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Flashcards in TB drugs- Allman Deck (52):
1

define multidrug-resistant (MDR) TB

- resistant to at lead INH AND RIF

2

what are MDR patients at high risk for

-treatment failure and further acquired drug resistance

3

what happens to patients with just strain resistant to RIFAMPIN alone

- better prognosis
- increase risk for treatment failure

4

What is extensive drug Resistant (XDR) TB

-MDR TB plus resistance to FQN
-AND resistant to at least one other of the 3 injectable drugs
- amikacin
- kanamycin
-capreomycin

5

what defines therapeutic failure

positive sputum coherent scattering after 4 months of compliant therapy

6

what is the dosing guideline for TB drugs

- daily dosing
- twice or thrice weekly dosing
-Directly observed therapy

7

MOA for Rifampin

inhibits DNA-dependent RNA polymerase
- suppression of initiation of chain formation in RNA synthesis

Bactericidal: kills slow-growing mycobacteria present within macrophages and in caseating granulomas

8

where is Rifampin distributed

CNS
tuberculosis abscesses
intracellular sites

9

How is Rifampin metabolized

deacetylation
-autoinductin of metabolism occurs
-Rifampin Revs up Liver

10

3 major adverse effects of Rifampin

- transient elevation in serum transaminases
- hepatotoxicity
- orange discoloration ( sweat, tears, urine)

- Rifampin revs up and red

11

Drug interaction of Rifampin

- increase in cytochrome P-459
- increases metabolism of
- warfarin
- narcotics
- steroids ( oral contraceptives)

12

place in therapy: Rifampin

-treats active TB
- 2nd line agent for preventative therapy

13

MOA for Isoniazid ( INH)

inhibits synthesis of mycolic acid

14

metabolism of Isoniazid

acetylation

15

Rate of acetylation of Isoniazid depend son what

genes: can be slow or rapid acetylator

16

Adverse effects of Isoniazid

-transient elevation in serum transaminases
- hepatotoxicity
- Neurotoxicity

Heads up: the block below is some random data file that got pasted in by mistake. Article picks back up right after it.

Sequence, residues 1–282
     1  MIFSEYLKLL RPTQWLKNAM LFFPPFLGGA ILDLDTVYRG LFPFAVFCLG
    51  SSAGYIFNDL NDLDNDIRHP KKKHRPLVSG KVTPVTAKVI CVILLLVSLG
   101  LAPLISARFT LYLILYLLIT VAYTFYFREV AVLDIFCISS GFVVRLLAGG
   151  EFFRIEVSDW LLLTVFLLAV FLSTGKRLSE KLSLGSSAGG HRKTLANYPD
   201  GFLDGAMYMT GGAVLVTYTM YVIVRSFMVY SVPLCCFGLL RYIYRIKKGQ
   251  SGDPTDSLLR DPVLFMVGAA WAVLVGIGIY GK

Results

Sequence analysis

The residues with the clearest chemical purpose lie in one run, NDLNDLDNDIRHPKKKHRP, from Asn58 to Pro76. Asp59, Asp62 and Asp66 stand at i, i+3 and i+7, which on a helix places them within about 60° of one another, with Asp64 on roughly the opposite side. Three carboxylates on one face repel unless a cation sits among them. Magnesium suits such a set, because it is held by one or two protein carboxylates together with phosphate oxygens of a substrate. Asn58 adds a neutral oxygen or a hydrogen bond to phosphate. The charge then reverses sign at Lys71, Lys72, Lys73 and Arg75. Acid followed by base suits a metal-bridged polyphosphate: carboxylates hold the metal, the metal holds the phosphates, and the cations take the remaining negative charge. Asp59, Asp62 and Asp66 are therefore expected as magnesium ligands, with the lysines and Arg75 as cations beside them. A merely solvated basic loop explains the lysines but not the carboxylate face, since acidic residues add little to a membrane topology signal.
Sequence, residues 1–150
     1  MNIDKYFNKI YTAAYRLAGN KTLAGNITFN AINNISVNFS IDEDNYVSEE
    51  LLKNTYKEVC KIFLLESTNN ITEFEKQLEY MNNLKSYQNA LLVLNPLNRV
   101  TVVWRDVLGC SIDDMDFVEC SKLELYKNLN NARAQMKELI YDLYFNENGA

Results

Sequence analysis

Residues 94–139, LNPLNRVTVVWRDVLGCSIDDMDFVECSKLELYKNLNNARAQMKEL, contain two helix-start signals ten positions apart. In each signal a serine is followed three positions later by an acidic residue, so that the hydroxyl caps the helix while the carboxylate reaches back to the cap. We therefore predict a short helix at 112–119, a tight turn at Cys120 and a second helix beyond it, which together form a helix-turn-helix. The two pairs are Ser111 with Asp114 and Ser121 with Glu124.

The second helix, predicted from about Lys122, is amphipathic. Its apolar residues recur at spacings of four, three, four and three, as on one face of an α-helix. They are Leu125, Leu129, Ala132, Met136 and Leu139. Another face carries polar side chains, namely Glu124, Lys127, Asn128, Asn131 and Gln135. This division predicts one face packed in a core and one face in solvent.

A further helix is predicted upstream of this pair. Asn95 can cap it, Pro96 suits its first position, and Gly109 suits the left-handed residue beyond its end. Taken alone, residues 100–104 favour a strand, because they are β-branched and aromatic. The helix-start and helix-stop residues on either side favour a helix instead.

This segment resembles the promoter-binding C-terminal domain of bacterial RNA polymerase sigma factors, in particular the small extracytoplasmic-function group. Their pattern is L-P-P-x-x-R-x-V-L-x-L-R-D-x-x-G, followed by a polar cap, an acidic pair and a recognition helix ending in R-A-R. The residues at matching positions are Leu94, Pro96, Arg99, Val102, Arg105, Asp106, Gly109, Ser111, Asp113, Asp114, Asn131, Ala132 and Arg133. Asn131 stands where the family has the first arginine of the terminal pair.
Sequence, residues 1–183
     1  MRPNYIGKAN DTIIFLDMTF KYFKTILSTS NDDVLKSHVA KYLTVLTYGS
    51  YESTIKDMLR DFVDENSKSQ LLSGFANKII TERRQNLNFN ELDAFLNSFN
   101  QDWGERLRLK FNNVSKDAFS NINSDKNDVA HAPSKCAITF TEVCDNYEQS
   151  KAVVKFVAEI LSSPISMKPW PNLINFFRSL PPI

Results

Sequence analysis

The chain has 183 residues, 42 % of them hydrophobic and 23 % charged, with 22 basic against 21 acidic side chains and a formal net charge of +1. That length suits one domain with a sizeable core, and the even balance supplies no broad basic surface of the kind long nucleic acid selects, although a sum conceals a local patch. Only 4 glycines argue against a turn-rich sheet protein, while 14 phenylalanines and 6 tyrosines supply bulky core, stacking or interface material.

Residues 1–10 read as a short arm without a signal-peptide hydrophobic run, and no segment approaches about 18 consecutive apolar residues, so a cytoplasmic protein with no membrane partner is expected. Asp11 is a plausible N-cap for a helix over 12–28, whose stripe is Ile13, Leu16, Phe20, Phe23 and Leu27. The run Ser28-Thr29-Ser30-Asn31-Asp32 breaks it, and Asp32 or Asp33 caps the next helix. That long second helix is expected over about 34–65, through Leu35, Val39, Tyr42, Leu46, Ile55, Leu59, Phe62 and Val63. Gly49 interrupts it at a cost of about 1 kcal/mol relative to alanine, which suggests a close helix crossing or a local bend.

17

who is neurotoxicity seen in with Isoniazid, treatment?

- alcoholics, homeless
- Pyridoxine ( B6)

18

MOA for Pyrazinamide

- not well known
- toward dormant organism

19

Adverse effects of Pyrazinamide

Hepatotoxicity
hyperuricemia : decreased renal excretion of uric acid, bad for gout patients

20

MOA for Ethambutol

not well known
bacteriostatic

21

how is Ethambutol excreted

urine

22

Adverse effects of Ethambutol

optic neuritis ( retrobulbar neuritis)
-decrease visual acuity and red-green color blindess

23

Ethambutol should be used with caution in what patient group

children

24

MOA for Streptomycin

Aminoglycoside antibiotic
- inhibit protein synthesis

25

how is streptomycin absorbed and administered

poorly absorbed in GI tract
- given IM or IV

26

Adverse effects of Streptomcin

nephrotoxicity
impairment of 8th cranial nerve function

27

which is better ethambutol or streptomycin

ethambutol

28

when can you not give rifabutin

- unacceptable interactions with Rifampin
- or intolerance to Rifampin

29

Adverse reactions for Rifabutin

rash
GI
NEUTROPENIA

30

who can receive Rifapentine

HIV negative
- non-cavitary, drug susceptible pulmonary tuberculosis

31

what is the most widely used antilieprosy agent

Clofazaime

32

MOA of Clofazaomine

binds preferentially to mycobacterial DNA causing inhibition of transcription

33

Adverse effects of Clofazamine

- GI
- severe and life threatening abdominal pain and organ damage caused by crystal deposition
- discoloration of skin and eyes

34

how long is general treatment for TB

6 months

35

how long is treatment for osteo/miliary/meningitis

12-24 months

36

if a TB patient has renal failure what should you avoid

Streptomycin
Kanamycin
Capreomycin

37

TB children should avoid what medicine

Ethambutol

38

when is suspected treatment failure seen

- lack of clinical progression 6-8 wks into therapy
- add 2 or more new TB agents

39

treatment for Mycobacterium leprae should include

Dapsone
Rifampin
Clofazimine
DR. C

40

MOA for Dapsone

competitive inhibitor of folic acid synthesis

41

what are 2 major categories for Leprosy

1. lepromatous - disseminated
2. Tuberculoid - localized

42

How is leprosy transmitted

prolonged contact

43

how long is drug course of leprosy

2-5 years

44

what are symptoms for MAC

fever
night sweats
weight loss
anemia

45

Who does MAC usually occur in

HIV less than 100 CD4

46

when is primary prophylaxis recommended for HIV MAC

CD4 less than 50

47

How do non-HIV patients present with MAC

in lungs
chronic productive cough

48

prophylaxis regimen for MAC

Clarithromycin
Azithromycin
Alternative Rifabutin if above2 not tolerated

49

Treatment regimen for MAC

at least 2 agents
- Clarithromycin or Azithromycin plus Ethambutol
- consider adding one of the following: Clofazamine, Rifampin, Rifabutin or Cipro

50

how long is RIPE regiment

6 months total
- 2 months RIPE
- 4 months RI

51

how long is RIP regiment

6 months total
- 2 months RIPS
- 4 months RI

52

which drug is more active against MAC

Clarithromycin